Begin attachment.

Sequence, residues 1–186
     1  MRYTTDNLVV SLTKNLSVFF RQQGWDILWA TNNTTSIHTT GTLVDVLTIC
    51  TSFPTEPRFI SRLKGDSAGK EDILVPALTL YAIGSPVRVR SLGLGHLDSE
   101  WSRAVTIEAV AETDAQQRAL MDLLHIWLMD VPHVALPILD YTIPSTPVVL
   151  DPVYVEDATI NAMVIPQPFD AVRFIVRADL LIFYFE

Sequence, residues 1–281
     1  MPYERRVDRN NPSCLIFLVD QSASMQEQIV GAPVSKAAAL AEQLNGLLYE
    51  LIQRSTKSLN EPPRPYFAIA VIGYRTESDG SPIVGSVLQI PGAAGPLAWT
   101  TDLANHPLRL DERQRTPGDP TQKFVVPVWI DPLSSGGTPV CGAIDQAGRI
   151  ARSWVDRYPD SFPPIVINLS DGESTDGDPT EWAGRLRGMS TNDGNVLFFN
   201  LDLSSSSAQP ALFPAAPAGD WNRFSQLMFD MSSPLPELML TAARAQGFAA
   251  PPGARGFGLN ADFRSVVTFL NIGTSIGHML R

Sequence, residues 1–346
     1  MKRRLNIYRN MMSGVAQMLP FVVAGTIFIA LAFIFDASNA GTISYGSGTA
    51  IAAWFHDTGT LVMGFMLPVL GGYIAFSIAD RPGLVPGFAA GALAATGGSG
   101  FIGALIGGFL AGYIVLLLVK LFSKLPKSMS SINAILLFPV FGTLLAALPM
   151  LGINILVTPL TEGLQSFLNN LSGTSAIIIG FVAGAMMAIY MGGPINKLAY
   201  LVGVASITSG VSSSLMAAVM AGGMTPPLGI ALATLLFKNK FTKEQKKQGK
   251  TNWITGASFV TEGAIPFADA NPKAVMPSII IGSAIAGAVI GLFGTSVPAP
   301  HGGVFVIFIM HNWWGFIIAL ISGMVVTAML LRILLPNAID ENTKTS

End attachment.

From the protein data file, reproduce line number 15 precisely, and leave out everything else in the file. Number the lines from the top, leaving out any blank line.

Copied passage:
    51  IAAWFHDTGT LVMGFMLPVL GGYIAFSIAD RPGLVPGFAA GALAATGGSG